Why did Hideyoshi invade Korea in 1592?

Why did Hideyoshi invade Korea in 1592?

Nam-lin Hur - Professor of Asian Studies, The University of British Columbia

Monday, November 15, 2021 - 4:00pm to 5:30pm
via Zoom See map

In 1592 Japan’s Hideyoshi regime invaded Chosŏn Korea (1392-1910). Later, Ming China sent an army to Korea to repel the Japanese invaders and, as a result, the war evolved into a major international conflict. The war ended in 1598 as the Japanese troops retreated empty-handed back to their country. The Hideyoshi regime eventually collapsed in 1600. In this talk, Hur explores one question: why did Hideyoshi invade Korea? This is a question that holds the key to not only the changing nature of the warfare but also the ways in which power worked in Japan as well as in Chosŏn Korea and Ming China.

Hur suggests: Hideyoshi targeted Korea because he thought his military forces would easily subjugate it; and Hideyoshi envisioned that such an easy military campaign would help him consolidate his fledgling regime poised to control a complex web of local power blocs in Japan. In other words, Hur argues that Hideyoshi’s invasion of Korea had nothing to do with Ming China although some historians have been swayed, albeit falsely, by Hideyoshi’s rhetoric of “conquest of China” (known as Kara-iri). In that connection, Hur also briefly discusses how the theory of Hideyoshi’s continental ambition has prevailed in the historiography of this international conflict that constituted a watershed in premodern East Asia.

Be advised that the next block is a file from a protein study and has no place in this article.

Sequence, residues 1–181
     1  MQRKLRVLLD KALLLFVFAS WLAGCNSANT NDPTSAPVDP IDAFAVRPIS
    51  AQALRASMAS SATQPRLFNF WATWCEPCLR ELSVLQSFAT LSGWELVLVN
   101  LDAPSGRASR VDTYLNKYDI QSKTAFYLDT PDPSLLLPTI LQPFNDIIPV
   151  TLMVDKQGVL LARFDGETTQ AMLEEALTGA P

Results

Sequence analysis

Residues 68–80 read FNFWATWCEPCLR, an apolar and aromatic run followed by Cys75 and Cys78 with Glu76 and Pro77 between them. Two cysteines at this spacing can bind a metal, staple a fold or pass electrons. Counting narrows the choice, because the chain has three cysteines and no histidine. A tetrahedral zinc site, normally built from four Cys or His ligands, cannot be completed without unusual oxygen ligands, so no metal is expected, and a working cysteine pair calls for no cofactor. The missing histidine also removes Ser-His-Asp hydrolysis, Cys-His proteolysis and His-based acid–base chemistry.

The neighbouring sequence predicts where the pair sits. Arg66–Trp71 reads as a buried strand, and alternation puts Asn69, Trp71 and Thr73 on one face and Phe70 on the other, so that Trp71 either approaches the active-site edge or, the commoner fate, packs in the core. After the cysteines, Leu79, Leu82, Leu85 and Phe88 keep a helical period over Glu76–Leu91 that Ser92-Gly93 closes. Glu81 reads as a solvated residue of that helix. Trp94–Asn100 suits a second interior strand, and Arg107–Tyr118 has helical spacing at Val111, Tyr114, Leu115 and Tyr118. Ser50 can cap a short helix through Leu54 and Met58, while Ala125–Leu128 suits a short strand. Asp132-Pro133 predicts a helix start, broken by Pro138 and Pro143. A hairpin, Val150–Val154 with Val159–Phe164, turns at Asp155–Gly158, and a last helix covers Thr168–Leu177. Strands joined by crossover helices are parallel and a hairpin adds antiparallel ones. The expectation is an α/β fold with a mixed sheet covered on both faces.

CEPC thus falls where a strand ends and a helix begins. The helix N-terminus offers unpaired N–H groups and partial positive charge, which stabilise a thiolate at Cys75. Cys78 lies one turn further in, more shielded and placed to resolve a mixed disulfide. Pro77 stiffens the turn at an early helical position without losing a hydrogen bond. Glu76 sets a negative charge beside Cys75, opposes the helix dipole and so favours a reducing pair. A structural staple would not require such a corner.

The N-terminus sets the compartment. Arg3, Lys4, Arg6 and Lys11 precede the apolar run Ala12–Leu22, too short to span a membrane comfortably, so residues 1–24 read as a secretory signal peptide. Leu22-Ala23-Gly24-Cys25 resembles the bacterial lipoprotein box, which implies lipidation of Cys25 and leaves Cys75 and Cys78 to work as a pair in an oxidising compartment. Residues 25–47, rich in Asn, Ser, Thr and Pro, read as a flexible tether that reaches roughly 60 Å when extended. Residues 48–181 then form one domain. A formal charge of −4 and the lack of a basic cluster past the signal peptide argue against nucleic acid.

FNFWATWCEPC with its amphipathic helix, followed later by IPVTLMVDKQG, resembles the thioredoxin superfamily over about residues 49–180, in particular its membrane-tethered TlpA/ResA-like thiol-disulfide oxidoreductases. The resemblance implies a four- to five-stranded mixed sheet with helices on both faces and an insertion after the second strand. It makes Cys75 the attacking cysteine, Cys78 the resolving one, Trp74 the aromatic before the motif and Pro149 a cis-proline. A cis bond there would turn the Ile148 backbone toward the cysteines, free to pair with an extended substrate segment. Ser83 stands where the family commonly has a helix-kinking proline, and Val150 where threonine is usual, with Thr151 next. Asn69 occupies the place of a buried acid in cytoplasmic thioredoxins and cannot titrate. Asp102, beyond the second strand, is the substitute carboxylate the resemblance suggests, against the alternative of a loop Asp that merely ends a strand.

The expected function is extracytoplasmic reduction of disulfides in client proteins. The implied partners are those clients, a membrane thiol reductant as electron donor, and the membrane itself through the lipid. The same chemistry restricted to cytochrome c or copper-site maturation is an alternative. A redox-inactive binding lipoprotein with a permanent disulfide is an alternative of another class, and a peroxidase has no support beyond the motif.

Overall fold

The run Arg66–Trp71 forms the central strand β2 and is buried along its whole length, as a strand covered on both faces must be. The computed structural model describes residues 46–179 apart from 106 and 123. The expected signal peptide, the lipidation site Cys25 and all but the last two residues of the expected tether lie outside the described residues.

Nam-lin Hur is a professor in the Department of Asian Studies, The University of British Columbia. His current research focuses on Japan’s invasion of Chosŏn Korea in 1592-1598 and Ming China’s involvement. His publications related to this topic include: “National Defense in Shambles: Wartime Military Build-up in Chosŏn Korea, 1592-98,” Seoul Journal of Korean Studies 22/2 (2009); “The Celestial Warriors: Ming Military Aid and Abuse during the Korean War, 1592-98” in The East Asian War, 1592-1598: International Relations, Violence, and Memory (Routledge, 2015); “Toyotomi Hideyoshi’s Invasion of the Chosŏn Kingdom, 1592-1598” in Oxford Research Encyclopedia of Asian History (Oxford University Press, 2020), and “Japan’s Invasions of Korea in 1592-98 and the Hideyoshi Regime” in The Tokugawa World (Routledge, 2021).


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China, Japan, Korea